~1734“About this time there was a long-room built at the Green-Dragon in Harrogate. More music being wanted, he engaged one Midgeley (one of the Leeds waits) and his own son as assistants. Midgeley, senior, being a good performer, he was taken into partnership gratis; but the son, and Metcalf’s former assistant, paid five pounds each premium. “.
originally from “The Life of John Metcalf, commonly called Blind Jack of Knareborough” dictated by Metcalfe himself in 1793-4 and published by R. and R. Peck, York in 1795. Blind Jack was blinded by smallpox at the age of six. He was in turn a fiddler and hautboy plyer in a number of inns in Knaresborough, Harrogate and York (with the above residency in the Long Room of the Green Dragon continuing until 1745), when he joined the army of General Monk on his Scottish campaign, and civil engineer. According to a History of Harrogate, “The Green Dragon” was one of the earliest inns built in High Harrogate, in the late seventeenth century, for those taking the waters of St. John’s Well (the sweet water or chalybeate well). It was located on the south-west side of Silver Street, shown as an unnamed building on a map of 1778, identified as “The Green Dragon” on an 1821 map, and as “The Dragon” on maps of 1840 and 1851. From 1870 to 1886 it was a school, and was then demolished to make way for the construction of Mornington Crescent. Who was John Midgeley? Leeds parish church records show a John Midgeley christened in 1684, and marrying Susanna Backhouse on 20th February 1707. If Midgeley’s son was his apprentice/assistant in 1734, this would place his birth some time between 1713 and 1720, consistent with the age of Midgeley senior.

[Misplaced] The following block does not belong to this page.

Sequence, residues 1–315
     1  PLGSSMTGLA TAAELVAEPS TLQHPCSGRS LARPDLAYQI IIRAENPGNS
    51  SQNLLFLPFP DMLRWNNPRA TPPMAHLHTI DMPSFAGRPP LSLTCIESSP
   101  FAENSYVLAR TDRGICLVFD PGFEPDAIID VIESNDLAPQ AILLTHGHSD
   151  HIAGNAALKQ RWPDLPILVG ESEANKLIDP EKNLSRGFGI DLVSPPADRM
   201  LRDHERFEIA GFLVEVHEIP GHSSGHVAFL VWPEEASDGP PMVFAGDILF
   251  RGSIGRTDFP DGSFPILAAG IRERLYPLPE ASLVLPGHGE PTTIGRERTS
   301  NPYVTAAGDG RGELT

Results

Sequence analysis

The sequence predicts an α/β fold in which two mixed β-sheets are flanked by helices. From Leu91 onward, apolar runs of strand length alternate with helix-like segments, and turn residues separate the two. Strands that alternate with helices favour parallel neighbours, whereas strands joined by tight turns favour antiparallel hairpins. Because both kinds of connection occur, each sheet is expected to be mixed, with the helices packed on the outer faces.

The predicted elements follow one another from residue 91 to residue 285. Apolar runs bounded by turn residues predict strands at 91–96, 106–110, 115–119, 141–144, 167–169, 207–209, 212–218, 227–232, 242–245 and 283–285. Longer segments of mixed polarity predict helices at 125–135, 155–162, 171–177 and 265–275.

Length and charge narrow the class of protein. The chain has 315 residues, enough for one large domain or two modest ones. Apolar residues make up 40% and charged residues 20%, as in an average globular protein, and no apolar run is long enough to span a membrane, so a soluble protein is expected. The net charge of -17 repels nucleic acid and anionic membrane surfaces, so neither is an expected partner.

1734Aug 16th, “By the 2 Leeds Waites for playing 6 nights in the race week, £4-4-0”
From the Account Book of the York Assembly Rooms, currently housed in the York City Archives, Exhibition Square. By this time the York Waits’ monopoly for music in the city had broken down. The management of the Assembly Rooms was in the habit of providing evening music during the August race meeting, and supplemented the York Waits with other musicians. Among those other waits named in the accounts between this time and 1774 are the Leeds Waites, the Wakefield Waites and the local “Skeldergate Waites”. Named musicians include John Dixon (hautboy), James Blaycock (hautboy), Thomas Walker, Francis, Henry and George Beckwith, Daniel Whalley (hautboy), Thomas Thackray, John Priestley (violin), Thomas Sedgwick (violin), William Shaw (violin), George Harrison, Henry Middleton, Hatfield, John Barnard, Joseph Shaw’s servant/apprentice, Charles Mason and William Audsley. Were any of these Leeds Waits?
1737Aug 10th, “By Ino Midgley for playing six nights at 5/- per night, 1”10”- “
from the Account Book of the York Assembly Rooms, currently housed in the York City Archives, Exhibition Square. This seems like the Midgeley of the Green Dragon in Harrogate. Was this John Midgley the only Leeds Wait to play at the York Assembly Rooms during the Lent Assize, Card assemblies, Lammas Assizes and the May and August race meetings at Knavesmire?